The Local Business That Could: Meet The Turnip Truck’s John Dyke


by Ashley Haugen

Ashley is StyleBlueprint’s Editorial Director. She loves storytelling and the opportunity to explore the South via the content on StyleBlueprint.


John Dyke opened the first Turnip Truck store back in 2001 in East Nashville. Since then, the business has expanded to now have three Nashville locations, its newest one opening on Charlotte Avenue only a few short weeks ago — during a pandemic, no less. Since then, John and his crew have been hustling to keep shelves stocked and staff and customers safe. Find out more about John, learn what it’s like to open a business during the pandemic, and hear the most impactful experience he’s had during it all.  

John Dyke has been serving up healthy options via The Turnip Truck since 2001, and his commitment to that mission is stronger than ever.

You recently opened your Charlotte Avenue Turnip Truck location. What was it like opening the store as the quarantine was just getting underway?

It was an adventure, to put it mildly. Along with being in quarantine, we had also lost a significant amount of equipment for the store in the Nashville tornadoes the previous month. Our team rallied to complete the store and stock the shelves, realizing that our neighbors need food and supply sources now more than ever.

What sort of safety measures have you taken — and required your staff to take — to ensure your employees and shoppers are all safe during this time?

If you’re familiar with our business, you know that health is at the very heart of what we do. To provide whole, organic food in an unsafe environment would be counterintuitive — and just wrong. Our goal during COVID-19 has been to take all the measures within our power to keep our team members and customers safe. This involves providing masks for our employees, installing register shields, and keeping hand sanitizer constantly available for employees and guests. We always have stringent cleaning practices, and we have amplified those during the pandemic. That includes wiping down carts and counters all day and running shopping baskets through a sanitizing wash cycle. We also encourage social distancing in the store and are constantly checking in with our teams to make sure everyone is healthy and in a good place to serve our guests.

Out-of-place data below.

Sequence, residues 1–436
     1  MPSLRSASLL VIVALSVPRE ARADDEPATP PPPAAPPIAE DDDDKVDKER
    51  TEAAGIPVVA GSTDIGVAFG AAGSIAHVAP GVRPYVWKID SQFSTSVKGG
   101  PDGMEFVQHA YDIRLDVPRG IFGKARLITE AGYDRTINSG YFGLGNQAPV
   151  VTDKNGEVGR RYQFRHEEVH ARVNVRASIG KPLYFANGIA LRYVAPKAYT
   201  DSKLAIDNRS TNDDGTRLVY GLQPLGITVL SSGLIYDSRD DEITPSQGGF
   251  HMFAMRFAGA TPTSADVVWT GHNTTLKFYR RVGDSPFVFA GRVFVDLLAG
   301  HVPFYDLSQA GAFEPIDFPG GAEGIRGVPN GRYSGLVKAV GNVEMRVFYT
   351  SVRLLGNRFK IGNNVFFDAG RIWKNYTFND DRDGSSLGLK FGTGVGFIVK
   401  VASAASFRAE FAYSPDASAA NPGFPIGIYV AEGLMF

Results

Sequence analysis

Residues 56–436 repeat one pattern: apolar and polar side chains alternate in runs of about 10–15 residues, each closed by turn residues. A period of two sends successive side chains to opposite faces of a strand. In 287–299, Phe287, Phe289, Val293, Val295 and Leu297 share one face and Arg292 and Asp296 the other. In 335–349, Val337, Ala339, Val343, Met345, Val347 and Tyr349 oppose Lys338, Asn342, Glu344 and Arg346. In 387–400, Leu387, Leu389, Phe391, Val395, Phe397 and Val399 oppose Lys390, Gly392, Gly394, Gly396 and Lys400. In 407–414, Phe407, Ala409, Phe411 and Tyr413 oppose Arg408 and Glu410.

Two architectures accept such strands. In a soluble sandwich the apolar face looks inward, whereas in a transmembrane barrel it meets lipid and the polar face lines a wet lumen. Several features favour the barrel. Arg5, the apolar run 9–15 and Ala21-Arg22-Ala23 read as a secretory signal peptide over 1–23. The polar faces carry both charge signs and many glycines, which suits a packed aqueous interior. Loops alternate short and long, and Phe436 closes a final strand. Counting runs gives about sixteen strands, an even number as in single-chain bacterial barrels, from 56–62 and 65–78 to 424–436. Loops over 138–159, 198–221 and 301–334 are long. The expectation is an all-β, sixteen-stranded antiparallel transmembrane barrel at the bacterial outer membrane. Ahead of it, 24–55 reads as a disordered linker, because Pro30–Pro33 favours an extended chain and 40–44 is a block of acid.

Several weeks ago, John trained his staff on the ins and outs of the new online ordering platform.

What are the major differences in your day-to-day work now vs. pre-COVID-19?

Difficult times tend to teach us about ourselves, and COVID-19 has reminded me how much I enjoy this line of work. I’m definitely a hands-on entrepreneur, involved in every aspect of The Turnip Truck’s operations. At such a challenging and unprecedented time, I owe it to my business, my customers and myself to show up and lead — every day. This pandemic has meant longer hours, many new tasks and more daily decisions. It has also been very humbling to be able to provide such an essential service such as providing food to our community.

What has been the biggest impact on your business as a result of COVID-19 and the quarantine?

Keeping up with demand for essential items such as paper products has been an unprecedented hurdle. Being able to provide friendly, personal service while maintaining social distancing in the store has been key to us, and I’m proud of our teams for rising to the occasion.

What has been the most memorable or impactful experience you have had during this period of time?

I’ll never forget the day we packed 500 bags of groceries donated by our vendor UNFI and delivered them to the Second Harvest Food Bank at East Nashville’s Martha O’Bryan Center. Our community has been hit twice — first by the tornadoes, then by COVID-19 — and people are struggling to put food on the table. It was humbling to be able to help in some way.

This sentiment is at the heart of The Turnip Truck.

Have there been any changes to your business practice that were made due to COVID-19 you think you may continue even after the pandemic ends?

Absolutely. One service we have rolled out recently is online ordering and grocery delivery. This was something we had planned to do later this year, but we expedited the process due to the pandemic. Customers have responded very well, and we will certainly continue that service.

Anything else you would like to add?

I’d like to thank Nashville for supporting local businesses. We are here because we love our neighbors, and we have felt the love during this pandemic. This has been a tough time for everyone, but I hope we never forget how much we need each other. We are stronger together, and I’m so glad to call Nashville home.


Thank you, John! To learn more about The Turnip Truck, to order groceries, or to find a Turnip Truck location near you, visit


All photography by Z Nelson for The Turnip Truck.


This is in the modal